How to Avoid Your Inbox for Large Chunks of Time … and Never Miss an Essential Email


In preparation for writing this post, I went to a very remote place. I closed everything on my computer save for this one browser window.

Yes, that means that my inbox is closed.

No, I am not the least bit worried.

What about you? Does the thought of doing work at your computer in the middle of the day without your inbox open make your shudder? Do you recoil in terror at the thought of not immediately seeing an urgent email when it comes through?

I used to. And it is the single biggest reason why my inbox used to control me, rather than the other way around.

Then I discovered a tool that changed everything.

And this tool, an undeniable game-changer when it comes to email management, is why I’m able to write some of this post smack dab in the middle of a weekday with my inbox closed … and with not even one bit of worry threatening my peace of mind.

Let me tell you about it … Continue Reading

How to Empty Your Inbox Every Day


If I have achieved anything with the content published here over the past couple of months, I hope that at the very least I have done this: convince you, generally, why primility is a useful mindset to understand and strive toward.

Useful because it will guide you toward achieving anything you love and are capable of.

But understanding big picture concepts like the difference between pride and conceit and the importance of thinking big but acting small only go so far.

For primility to truly be world-changing, there needs to be more than just concepts and stories to illustrate them. You need tools that impact your daily life. And I’m going to start providing them.

Primility Guides. That’s what they will be called.

You will see many Primility Guides in the coming weeks, months, and years, each one focused on how to use a balance of pride and humility to master a particular skill.

This post marks Part 1 of the first Primility Guide, and it is focused on email … on how to tame your inbox beast. Continue Reading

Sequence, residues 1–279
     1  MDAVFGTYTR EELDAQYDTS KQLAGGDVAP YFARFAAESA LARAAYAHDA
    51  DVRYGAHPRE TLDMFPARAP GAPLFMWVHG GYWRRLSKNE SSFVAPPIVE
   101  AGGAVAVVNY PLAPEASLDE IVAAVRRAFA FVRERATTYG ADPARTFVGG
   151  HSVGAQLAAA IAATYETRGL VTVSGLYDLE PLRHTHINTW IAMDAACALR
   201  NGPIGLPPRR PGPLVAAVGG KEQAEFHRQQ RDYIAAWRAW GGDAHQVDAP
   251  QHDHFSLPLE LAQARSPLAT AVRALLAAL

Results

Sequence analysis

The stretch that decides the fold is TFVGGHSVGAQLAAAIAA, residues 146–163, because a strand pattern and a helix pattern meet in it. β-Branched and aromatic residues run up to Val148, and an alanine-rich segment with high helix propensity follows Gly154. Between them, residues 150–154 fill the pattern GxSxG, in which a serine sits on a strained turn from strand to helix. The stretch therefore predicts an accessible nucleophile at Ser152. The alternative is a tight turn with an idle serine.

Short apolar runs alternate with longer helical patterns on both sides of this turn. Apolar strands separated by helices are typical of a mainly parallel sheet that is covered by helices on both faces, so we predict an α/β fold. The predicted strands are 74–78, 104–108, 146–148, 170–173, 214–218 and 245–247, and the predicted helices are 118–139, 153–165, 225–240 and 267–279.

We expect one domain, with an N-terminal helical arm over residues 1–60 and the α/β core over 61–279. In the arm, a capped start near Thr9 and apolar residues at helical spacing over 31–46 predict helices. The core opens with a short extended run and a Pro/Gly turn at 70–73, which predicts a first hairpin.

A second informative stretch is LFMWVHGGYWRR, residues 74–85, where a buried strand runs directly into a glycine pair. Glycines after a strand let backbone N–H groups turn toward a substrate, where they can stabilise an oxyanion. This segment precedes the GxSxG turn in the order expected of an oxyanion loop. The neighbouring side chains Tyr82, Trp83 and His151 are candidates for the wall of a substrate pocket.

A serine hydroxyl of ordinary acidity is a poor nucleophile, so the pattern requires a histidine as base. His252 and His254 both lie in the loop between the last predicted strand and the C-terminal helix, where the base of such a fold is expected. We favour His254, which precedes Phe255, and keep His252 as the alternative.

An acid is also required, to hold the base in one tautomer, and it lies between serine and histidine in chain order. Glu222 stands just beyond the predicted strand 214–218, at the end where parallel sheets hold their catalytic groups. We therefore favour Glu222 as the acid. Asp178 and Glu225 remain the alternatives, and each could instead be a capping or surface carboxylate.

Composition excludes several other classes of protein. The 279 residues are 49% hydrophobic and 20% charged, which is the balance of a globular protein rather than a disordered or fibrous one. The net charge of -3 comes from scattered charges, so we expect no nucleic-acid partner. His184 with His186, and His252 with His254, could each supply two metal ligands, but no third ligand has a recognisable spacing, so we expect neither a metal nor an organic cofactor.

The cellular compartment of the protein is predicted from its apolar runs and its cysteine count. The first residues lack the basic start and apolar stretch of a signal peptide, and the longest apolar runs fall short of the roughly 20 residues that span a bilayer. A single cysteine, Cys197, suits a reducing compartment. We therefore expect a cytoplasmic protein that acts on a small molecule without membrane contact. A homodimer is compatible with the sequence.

Are You Waiting for a Wake-Up Call?


I have a real pain in my butt.

No, seriously. I do. A real, legitimate, occasionally searing pain in my left butt cheek.

The pain got so bad a few nights ago that I was forced to go to the emergency room (see picture above).

Fortunately, the kind folks in the E.R. were nice enough to laugh at my barely coherent jokes and hook me up with some meds that helped me get through the rather hellish 48-72 hours that ensued.

Now that I am on the other side of the worst of this ordeal, I can take a break from muscle relaxers and enjoy a few non-clouded thoughts … and reflect on these past few days and the difficult 3-6 months of rehab that lay ahead.

And I have to say: I’m actually glad this has happened.

Huh? Continue Reading

Do You Want to Be a Great Leader Who Inspires Action? Then Do This …


If you want to find and channel your own internal motivation, then you need to find your why.

Makes sense, right? If you want to do or achieve something, then it makes sense to understand why you are doing it — especially if you are going to have to overcome obstacles to achieve that something.

Similarly, if we want to inspire others to do something, or to achieve something, then we have to articulate a why that people buy into.

In other words … Continue Reading

How Much is Your Team’s Success Worth to You?


Ask not what your country can do for you. Ask what you can do for your country.

As you know, those are the words of John Fitzgerald Kennedy — a name synonymous, for all of the wrong reasons, with the city I live in.

I was thinking about those words a few minutes ago while listening to my local sports radio station here in Dallas, as the yucksters on The Hardline provided the details of Dirk Nowitzki’s latest contract with the Dallas Mavericks.

Dirk is, of course, another name synonymous with the city I live in — but for all the right reasons.

The remarkable contract he just signed is only the latest example.

And it doesn’t take a sports fan to understand why. Continue Reading